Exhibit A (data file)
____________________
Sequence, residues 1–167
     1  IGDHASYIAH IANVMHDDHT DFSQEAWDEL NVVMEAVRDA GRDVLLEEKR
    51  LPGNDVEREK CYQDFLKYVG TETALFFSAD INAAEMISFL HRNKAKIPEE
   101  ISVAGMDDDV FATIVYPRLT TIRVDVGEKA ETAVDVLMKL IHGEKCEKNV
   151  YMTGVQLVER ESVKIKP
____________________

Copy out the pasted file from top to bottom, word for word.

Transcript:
Sequence, residues 1–167
     1  IGDHASYIAH IANVMHDDHT DFSQEAWDEL NVVMEAVRDA GRDVLLEEKR
    51  LPGNDVEREK CYQDFLKYVG TETALFFSAD INAAEMISFL HRNKAKIPEE
   101  ISVAGMDDDV FATIVYPRLT TIRVDVGEKA ETAVDVLMKL IHGEKCEKNV
   151  YMTGVQLVER ESVKIKP